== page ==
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Collective Memories at Macon’s Grotto

For the Macon Telegraph.

Just a short walk through the woods from the south end of Forest Hill Road lies a scattering of ruins. Walls and steps deep down into a ravine are nearly invisible beneath decades of kudzu and ivy overgrowth; columns stand lonely and isolated, the inscriptions cut in their stone barely legible from abuse by the elements; statues lay face-down, crumbling and looted; and on top of a hill sits a structure of steel and stone with a chimney, one small room, and an elevated, empty alcove.

The land the ruins sit on was appropriated from the Creek Indian Nation in 1821 and later in that century found its way into the hands of the St. Stanislaus College, who built a retreat on the property which included a reflecting pool and a shrine to St. Bernadette Soubirous modeled after a rock cave in Lourdes, France where the Virgin Mary was said to appear to the saint. To those in Macon who know of its existence, the place is simply known as the Grotto.

A few weeks ago, I made the trek down the narrow path, disturbing several spiders and avoiding the poison ivy, to record a band out of Athens, Cicada Rhythm, in the setting. Their gentle, halcyon, folky sound blends well with the ambient hum of crickets punctuated by soft bird calls and the rustle of leaves as tiny creatures move about in the canopy above.

The Grotto is perhaps the most hidden-in-plain-sight secret around Macon. Seemingly everyone knows about it, but simultaneously, individuals speak of it as if they have some sort of proprietary, esoteric knowledge of the place.

When the videos from that recording session hit social media, the response was surprising. Various recollections associated with the ruins poured out and many people shared the links the place had to significant milestones of their lives in Macon. The Grotto seems to have become part of the city’s shared consciousness, one of those places where the accumulated memories are nearly tangible, a place that drips with visceral energy.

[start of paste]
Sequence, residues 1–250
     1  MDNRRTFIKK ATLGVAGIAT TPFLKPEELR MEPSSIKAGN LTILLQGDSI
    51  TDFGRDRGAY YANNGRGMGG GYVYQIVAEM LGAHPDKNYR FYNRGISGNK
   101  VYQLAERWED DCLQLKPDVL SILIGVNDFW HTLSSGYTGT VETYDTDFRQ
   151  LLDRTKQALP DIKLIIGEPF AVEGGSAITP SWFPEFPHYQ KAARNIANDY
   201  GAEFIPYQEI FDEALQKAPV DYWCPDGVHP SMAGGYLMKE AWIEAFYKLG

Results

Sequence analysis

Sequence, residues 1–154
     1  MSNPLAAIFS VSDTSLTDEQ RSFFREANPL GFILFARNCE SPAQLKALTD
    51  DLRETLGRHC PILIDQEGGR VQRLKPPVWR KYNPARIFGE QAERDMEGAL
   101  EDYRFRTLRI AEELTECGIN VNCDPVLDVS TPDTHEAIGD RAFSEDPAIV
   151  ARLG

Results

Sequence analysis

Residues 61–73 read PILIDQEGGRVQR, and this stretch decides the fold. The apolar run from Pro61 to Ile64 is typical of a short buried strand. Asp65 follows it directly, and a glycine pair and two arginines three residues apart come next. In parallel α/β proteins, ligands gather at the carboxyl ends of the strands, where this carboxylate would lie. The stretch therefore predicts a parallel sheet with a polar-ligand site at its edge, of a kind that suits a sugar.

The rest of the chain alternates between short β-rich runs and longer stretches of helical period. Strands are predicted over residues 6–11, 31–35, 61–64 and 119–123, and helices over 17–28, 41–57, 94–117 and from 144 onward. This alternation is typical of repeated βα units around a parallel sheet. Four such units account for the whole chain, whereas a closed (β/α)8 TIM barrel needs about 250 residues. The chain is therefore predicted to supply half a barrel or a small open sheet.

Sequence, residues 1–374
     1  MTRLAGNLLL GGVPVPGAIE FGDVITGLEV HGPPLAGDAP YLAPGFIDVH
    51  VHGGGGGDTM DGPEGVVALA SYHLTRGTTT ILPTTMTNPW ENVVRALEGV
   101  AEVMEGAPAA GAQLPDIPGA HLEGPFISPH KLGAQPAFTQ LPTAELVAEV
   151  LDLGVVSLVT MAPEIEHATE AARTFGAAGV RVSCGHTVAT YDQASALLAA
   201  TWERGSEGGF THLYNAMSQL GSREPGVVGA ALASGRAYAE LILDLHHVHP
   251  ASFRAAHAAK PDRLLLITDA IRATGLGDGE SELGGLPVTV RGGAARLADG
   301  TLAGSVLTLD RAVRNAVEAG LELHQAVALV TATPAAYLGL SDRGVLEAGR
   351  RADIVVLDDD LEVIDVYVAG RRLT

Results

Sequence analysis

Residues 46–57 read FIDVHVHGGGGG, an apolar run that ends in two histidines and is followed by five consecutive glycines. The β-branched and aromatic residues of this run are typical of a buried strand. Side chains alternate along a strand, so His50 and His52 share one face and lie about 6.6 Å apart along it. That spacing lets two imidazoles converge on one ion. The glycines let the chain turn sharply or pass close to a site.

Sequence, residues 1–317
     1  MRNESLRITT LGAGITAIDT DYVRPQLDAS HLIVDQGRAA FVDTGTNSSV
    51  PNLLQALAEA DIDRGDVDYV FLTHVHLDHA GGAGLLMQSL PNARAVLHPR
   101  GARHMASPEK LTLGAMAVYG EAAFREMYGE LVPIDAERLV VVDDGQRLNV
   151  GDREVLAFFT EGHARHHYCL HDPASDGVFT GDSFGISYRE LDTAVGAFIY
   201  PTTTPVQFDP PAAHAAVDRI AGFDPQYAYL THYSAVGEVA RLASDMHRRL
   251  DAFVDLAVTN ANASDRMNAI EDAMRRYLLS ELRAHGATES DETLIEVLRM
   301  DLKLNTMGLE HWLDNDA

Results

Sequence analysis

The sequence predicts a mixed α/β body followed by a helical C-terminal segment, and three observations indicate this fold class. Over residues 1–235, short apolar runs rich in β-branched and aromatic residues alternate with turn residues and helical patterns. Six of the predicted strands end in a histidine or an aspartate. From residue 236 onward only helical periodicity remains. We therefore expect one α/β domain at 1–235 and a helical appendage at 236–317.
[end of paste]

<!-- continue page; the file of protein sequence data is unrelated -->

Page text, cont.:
Unfortunately, the place doesn’t evoke those feelings for all visitors. The stones that make up the structure are nearly fully covered with the kind of graffiti that results from a group of kids boasting below average intelligence splitting a sixer in the woods. Beer cans are strewn across the ground and scars of small, hastily built fires darken the interior of the cave.

To combat that blight and draw attention to the place, the Historic Macon Foundation has named the Grotto – along with the Cotton Avenue District, the Bobby Jones Performing Arts Center, the John B. Brooks House, and Ogelthorpe Street’s Train Recreation Center – as one of this year’s ‘Fading Five’ properties around the city. It’s a great step towards recognizing the importance of the place to Macon’s history and investigating the links that it connects between the city’s citizens, and it will hopefully ensure that the Grotto is able to be the setting for more memories to come.